Teaching with Tumblr and StoryMapJS

Another semester yielded another crop of impressive DH projects in my courses on the history of Colonial Latin America and the History of Mexico. Utilizing Tumblr for the first time in my Colonial Latin America course (HIST 410), students were given free rein to create a visual project centered on a topic of their choice pulled from within the chronological and geographic boundaries of the course. Selecting the top five Tumblrs from this course was EXTREMELY difficult as my students produced some amazing work product, but here are the top 5 projects:

Women of Colonial Latin America


A Cartographic Analysis of Colonial Latin America


Slavery: Conditions in Colonial Latin America


Racialized Depictions of Women & Children


The Chronicle of Felipe Guaman Poma de Ayala


For the first time in my History of Mexico course (HIST 412), my students used StoryMapJS to produce highly visual, geospatial historical narratives on a topic of their choice. Here are the top 3 projects:

The Mexican-American War


The French Intervention in Mexico


Afro-Mexicans: An Invisible Population


Minus some minor errors in proper citations, the formatting of those citations, and the use of non-academic sources for images (I’m looking at you Wikimedia Commons), the majority of projects across both classes were of very high quality. Students greatly enjoyed (or so they told me) working on these projects during the course of the semester and the projects provided an excellent opportunity to hone their abilities to produce well-researched, well-documented, highly accessible, and highly engaging historical narratives. Additionally, I believe that this kind of work product can and should be a prominent part of students’ portfolios when applying for graduate school, internships, and jobs, as the skills acquired from this hands-on, project-based approach to learning provides my students with the knowledge necessary to take their passion for history into the digital realm of the 21st century.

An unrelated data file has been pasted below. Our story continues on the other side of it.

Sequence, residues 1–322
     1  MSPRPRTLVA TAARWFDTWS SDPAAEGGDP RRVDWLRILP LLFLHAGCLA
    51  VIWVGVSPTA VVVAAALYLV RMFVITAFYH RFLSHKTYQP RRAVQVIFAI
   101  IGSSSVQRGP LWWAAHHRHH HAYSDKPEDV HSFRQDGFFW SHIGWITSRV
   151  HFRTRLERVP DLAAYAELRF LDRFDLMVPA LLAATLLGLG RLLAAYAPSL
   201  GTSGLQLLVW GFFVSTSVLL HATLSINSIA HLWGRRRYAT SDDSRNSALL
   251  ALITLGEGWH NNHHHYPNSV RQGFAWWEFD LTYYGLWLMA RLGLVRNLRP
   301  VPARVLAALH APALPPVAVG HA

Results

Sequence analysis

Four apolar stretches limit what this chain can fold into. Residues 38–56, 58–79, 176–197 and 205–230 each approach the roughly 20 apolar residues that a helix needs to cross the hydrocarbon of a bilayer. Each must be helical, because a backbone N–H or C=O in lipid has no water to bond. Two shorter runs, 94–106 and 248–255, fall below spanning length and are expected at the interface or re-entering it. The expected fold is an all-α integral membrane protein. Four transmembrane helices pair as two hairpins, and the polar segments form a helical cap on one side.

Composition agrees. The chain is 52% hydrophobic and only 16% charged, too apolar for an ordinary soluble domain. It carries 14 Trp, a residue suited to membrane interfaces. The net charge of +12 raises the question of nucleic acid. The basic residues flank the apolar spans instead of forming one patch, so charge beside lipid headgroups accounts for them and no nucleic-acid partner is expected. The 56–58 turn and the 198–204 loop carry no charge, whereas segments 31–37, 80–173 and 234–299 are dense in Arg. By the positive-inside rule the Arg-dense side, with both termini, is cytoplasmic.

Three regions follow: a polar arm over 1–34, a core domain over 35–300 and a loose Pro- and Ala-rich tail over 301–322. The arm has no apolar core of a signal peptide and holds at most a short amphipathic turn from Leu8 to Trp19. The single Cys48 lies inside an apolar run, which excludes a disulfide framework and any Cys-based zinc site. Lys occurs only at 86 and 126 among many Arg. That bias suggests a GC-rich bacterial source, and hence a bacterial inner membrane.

1 Comment

Filed under data visualization, digital history, digital humanities, history, public history

One response to “Teaching with Tumblr and StoryMapJS

  1. Reblogged this on Rebecca Lee Robinson and commented:
    A teacher and class I participated in. Utilizing online tools (tumblr) added a lot to my understanding of the Colonial Latin America class.

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